New Wave Hits the Fan

Good to see you again. The layoff has been an unexpectedly extended one, and, I must admit, not altogether unwelcome

Good to see you again. The layoff has been an unexpectedly extended one, and, I must admit, not altogether unwelcome either.

I have it on good authority, kids, that Governor Dukakis is planning to lift the "Rock Emergency" that he declared in the wake of last week's snowstorm within the next month or so. That ought to be good news for fans of such groups as Edgar Winter, The Fugs, Cream, and Crosby, Stills, Nash, Benny, Greene and Rickles, all of which have been stranded out at Logan waiting for a cab that will take them to the Music Hall. I placed a call there (put?) yesterday afternoon, and the impressario on duty assured me that as soon as the groups are allowed into the beleaguered city, they will stage a marathon, 48-hour "Easy Listening" festival which will be broadcast simultaneously over every station in Boston.

Except for WEEI, because that's an all-news station, and it may snow again soon. By the way--where does WBZ-FM come off calling itself a "New Wave" station (they announce the fact four times an hour, instead of playing commercials; somehow, considering the utterly objectionable recycled trash they've been playing these days, commercials might not be such a bad idea...Hmmm..."You're listening to the best in commercial radio, WBZ-FM Boston. That was Tom Carvel, from his Yonkers period, doing the classic 'Every Wednesday it's Sundae!' And now, cats and kittens, let me remind you that our request lines are open...Here's The Honorable Gov. James Longley of Maine, plugging his potatoes, on the way to the the impresario on duty assured me that

When you're writing a thesis, you become a mindless shut-in, a recluse, a pariah. Your only contact with the outside world is whatever wafts in on the breeze through the sixth-floor windows in Mather House (last week, that meant 30 inches of snow, and I had quite a cleanup problem) and, needless to say, the radio. Well I've now closed my window until the winter is officially over, and I've given up on the radio. (Last night, WBCN, the one station you're still supposed to think is OK around here, devoted an entire hour to this really boring Paul Simon album, which it pretentiously called "the fourteenth best album of all time.") WHRB's rock program is actually sorta OK, but I'm really fed up with spending an hour trying to locate a station which supposedly has a transmitter aound the corner from where I live.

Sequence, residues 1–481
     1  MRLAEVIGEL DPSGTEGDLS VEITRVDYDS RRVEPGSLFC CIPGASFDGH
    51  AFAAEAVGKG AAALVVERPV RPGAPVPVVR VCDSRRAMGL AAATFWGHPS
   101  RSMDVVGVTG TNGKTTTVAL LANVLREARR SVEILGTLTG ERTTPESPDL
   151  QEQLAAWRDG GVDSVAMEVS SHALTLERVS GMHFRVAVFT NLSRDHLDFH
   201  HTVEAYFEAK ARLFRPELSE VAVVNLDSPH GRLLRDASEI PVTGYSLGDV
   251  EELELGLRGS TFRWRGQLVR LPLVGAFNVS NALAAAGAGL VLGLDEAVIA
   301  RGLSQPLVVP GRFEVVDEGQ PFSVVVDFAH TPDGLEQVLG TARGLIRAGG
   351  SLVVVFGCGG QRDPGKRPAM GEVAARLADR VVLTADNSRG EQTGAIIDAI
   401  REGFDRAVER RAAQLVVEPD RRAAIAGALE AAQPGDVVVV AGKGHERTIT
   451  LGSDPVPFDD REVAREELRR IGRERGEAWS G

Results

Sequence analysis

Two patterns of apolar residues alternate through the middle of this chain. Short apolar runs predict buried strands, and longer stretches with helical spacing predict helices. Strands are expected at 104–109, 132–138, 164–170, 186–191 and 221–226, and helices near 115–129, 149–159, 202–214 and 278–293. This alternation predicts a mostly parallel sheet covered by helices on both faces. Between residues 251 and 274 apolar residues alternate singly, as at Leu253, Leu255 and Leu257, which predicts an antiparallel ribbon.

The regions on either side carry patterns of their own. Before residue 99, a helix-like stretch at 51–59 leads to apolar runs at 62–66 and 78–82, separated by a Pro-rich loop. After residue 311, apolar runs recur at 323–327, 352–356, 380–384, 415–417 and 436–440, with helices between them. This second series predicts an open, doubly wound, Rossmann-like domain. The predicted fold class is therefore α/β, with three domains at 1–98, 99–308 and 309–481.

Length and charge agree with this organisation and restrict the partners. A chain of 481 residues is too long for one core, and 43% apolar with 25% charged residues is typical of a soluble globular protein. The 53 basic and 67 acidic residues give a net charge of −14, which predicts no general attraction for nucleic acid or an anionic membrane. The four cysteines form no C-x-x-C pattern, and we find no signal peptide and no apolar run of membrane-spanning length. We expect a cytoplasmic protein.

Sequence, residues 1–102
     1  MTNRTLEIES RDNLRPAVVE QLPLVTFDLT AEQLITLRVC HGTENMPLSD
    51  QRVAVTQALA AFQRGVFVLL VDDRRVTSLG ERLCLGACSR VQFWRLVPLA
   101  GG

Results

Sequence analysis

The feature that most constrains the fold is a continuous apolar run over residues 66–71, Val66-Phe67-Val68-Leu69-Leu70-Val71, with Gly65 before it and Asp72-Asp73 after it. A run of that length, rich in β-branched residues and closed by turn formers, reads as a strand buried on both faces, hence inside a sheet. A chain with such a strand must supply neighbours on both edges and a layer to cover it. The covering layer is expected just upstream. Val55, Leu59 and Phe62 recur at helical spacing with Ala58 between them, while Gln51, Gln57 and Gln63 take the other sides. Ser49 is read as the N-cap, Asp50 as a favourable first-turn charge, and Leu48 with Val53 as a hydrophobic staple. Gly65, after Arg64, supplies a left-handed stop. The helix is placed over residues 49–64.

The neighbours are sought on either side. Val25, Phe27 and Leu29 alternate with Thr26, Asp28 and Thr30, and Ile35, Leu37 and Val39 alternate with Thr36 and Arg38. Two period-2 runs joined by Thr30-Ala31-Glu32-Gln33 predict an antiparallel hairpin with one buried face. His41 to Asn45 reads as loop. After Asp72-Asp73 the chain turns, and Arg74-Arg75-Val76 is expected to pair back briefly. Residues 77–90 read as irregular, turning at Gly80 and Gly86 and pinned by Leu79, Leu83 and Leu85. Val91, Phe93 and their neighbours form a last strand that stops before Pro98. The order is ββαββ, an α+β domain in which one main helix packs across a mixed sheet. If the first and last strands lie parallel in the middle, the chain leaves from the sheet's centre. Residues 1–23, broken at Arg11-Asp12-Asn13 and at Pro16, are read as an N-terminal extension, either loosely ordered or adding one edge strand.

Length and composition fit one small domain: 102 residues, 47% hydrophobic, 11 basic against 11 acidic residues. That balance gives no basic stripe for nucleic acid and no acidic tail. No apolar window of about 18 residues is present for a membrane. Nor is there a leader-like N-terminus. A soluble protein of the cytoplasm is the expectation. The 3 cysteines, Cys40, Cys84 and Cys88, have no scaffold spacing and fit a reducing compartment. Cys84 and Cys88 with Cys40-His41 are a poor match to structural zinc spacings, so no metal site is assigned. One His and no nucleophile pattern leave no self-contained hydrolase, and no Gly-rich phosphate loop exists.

So the grooves are starting to wear out on my Elvis Costello album, and I grow more and more impatient with those who dismiss this "new wave" of really interesting music out of hand while they keep tuning in the same old Phoebe Snow when it's snowing out, or, even when it's not, allowing themselves to fall prey to a music industry which thinks it can sustain itself by suffusing everything with progressively less-and-less-thinly-veiled sexual imagery and by deifying preposterous 40-year old monstrosities like Heart and Queen and Kiss.

Give me Johnny Rotten any day (even though success really did kill the Sex Pistols--as predicted--and, believe it or not, they don't exist any more). Until he resurfaces someday as a used-car salesman or something, all we are left with for the moment is the following compelling quote, which I gratefully lift from Caroline Coon's interesting new book "1988: The New Wave Punk Rock Explosion" (Hawthorn Books, $4.95):

"Everybody is so fed up with the old way. We are constantly being dictated to by musical old farts out of university who've got rich parents. They look down on us and treat us like fools and expect us to pay POUNDS to see them while we entertain them and not the other way around. And people allowed it to happen! But now they're not. Now there's a hell of a lot of new bands come up with exactly the opposite attitude. It's not condescension any more. It's plain honesty. If you don't like it, that's fine. You're not forced to like it through propaganda. People think we use propaganda. But we don't. We're not trying to be commercial. We're doing exactly what we want to do--what we've always done."

All the more interesting in view of his group's demise--the night after they played New York. The lead singer of Kiss can't even talk, but he probably drives around in a Rolls Royce, ya know? Later,